A miracle for Christmas

Every Sunday evening at St. Mary of Sorrows Church in Fairfax you can find Mary Lenaburg in the kitchen making dinner for the parish youth ministry program. Instead of feeding the hungry teens pizza every week, Mary cooks healthy, delicious meals.

But she's not alone. Her daughter, Courtney, comes every week to help her mom in the kitchen. She doesn't cut vegetables, or put out plates. She doesn't help clean the dishes at the end of the night. But she is present to everyone who passes through the kitchen every Sunday.

The 15-year-old girl cannot see. She cannot stand, walk or even talk. Courtney suffers from an unknown seizure disorder that has baffled some of the country's best doctors. They had predicted that she would not live past her third birthday. Despite the grim outlook from physicians, Courtney continues to breathe and smile.

Courtney is a miracle. Every breath she takes is a gift from God. But this Christmas, Courtney is asking for another miracle - one that will allow her family to keep up with her rising medical expenses.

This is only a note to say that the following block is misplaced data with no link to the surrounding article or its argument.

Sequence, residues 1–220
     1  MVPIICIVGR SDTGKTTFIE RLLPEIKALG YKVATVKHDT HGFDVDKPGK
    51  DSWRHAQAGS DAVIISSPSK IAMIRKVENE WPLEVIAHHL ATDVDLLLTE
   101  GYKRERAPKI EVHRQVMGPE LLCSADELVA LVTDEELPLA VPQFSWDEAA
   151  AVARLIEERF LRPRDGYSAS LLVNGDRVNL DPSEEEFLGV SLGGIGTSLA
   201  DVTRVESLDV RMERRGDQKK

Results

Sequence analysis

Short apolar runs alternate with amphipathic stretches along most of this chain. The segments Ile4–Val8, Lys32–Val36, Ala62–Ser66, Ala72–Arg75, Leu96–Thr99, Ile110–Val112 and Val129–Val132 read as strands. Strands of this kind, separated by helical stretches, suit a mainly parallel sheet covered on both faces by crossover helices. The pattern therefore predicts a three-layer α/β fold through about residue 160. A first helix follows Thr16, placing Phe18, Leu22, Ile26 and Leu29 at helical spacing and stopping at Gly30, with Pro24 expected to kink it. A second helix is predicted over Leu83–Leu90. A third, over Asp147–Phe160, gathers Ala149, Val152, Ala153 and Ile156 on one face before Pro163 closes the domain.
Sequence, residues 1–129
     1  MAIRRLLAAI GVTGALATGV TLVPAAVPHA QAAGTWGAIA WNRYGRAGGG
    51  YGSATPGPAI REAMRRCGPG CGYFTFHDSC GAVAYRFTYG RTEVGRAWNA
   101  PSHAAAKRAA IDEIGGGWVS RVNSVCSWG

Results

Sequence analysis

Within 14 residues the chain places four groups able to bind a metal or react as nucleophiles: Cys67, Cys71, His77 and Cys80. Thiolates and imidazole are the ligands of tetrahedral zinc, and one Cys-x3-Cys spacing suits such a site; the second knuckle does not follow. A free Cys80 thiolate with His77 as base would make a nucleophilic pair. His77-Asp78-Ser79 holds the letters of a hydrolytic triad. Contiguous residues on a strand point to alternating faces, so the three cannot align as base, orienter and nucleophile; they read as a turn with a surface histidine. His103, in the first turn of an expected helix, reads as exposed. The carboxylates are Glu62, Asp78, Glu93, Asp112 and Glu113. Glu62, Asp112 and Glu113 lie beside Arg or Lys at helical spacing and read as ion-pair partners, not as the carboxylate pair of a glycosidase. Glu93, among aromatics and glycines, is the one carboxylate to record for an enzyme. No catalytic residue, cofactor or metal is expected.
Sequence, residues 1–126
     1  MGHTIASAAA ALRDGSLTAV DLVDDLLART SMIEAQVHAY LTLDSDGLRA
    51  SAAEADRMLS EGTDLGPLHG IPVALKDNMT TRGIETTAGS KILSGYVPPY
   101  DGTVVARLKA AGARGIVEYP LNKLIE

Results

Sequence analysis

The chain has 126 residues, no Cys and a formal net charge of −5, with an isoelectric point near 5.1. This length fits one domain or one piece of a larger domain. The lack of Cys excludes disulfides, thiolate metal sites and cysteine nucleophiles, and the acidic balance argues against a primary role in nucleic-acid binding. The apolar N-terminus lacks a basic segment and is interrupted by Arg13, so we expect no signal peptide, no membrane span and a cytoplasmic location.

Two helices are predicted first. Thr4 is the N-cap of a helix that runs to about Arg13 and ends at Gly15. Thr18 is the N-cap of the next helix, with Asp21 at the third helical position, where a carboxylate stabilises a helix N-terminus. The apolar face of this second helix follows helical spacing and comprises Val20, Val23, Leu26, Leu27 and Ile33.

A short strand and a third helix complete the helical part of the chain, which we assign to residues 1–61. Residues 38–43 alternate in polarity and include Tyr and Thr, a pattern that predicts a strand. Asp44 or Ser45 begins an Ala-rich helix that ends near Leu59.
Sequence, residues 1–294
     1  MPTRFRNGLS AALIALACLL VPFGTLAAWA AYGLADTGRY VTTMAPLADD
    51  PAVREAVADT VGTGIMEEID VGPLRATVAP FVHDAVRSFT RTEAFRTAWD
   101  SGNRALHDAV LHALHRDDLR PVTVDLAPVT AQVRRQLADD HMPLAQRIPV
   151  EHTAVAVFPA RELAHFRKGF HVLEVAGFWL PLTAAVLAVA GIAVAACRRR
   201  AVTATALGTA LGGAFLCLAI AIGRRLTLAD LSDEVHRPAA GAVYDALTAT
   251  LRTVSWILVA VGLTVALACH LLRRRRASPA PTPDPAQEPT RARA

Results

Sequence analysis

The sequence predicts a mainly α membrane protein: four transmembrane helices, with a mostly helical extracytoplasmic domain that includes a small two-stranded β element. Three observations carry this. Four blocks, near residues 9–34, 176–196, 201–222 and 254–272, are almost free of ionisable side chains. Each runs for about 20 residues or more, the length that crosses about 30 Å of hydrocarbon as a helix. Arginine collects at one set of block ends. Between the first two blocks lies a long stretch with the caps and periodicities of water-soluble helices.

Good beginning

Mary and Jerry were married in 1988. Like most young couples, they dreamed of starting a family together. Their first child, Jonathan, is now a member of the St. Mary youth ministry program. And then there's Courtney.

"My sister is a unique person," said Jonathan. "There's no one on earth like her."

Standing with her hand in his, Jonathan said that if anyone ever tried to hurt her, they would have to deal with him, proving himself a loving older brother.

"And she's a true younger sister," he said, adding that Courtney sometimes enjoys whacking him on the head.

When she was born, Courtney seemed like a normal, healthy baby. Just after her baptism, when she was only five weeks old, she had her first seizure.

Start of the struggle

At seven months, Courtney still suffered from seizures, but doctors thought they had an answer. They suggested surgery that they hoped would help. Wanting to see their daughter healthy, the Lenaburgs decided to give it a try.

"The results of that were tragic," Mary said. Courtney was allergic to the medicine they used during the surgery, and instead of getting better, she went toxic. The operation that was supposed to help her cost Courtney her sight and left her brain damaged.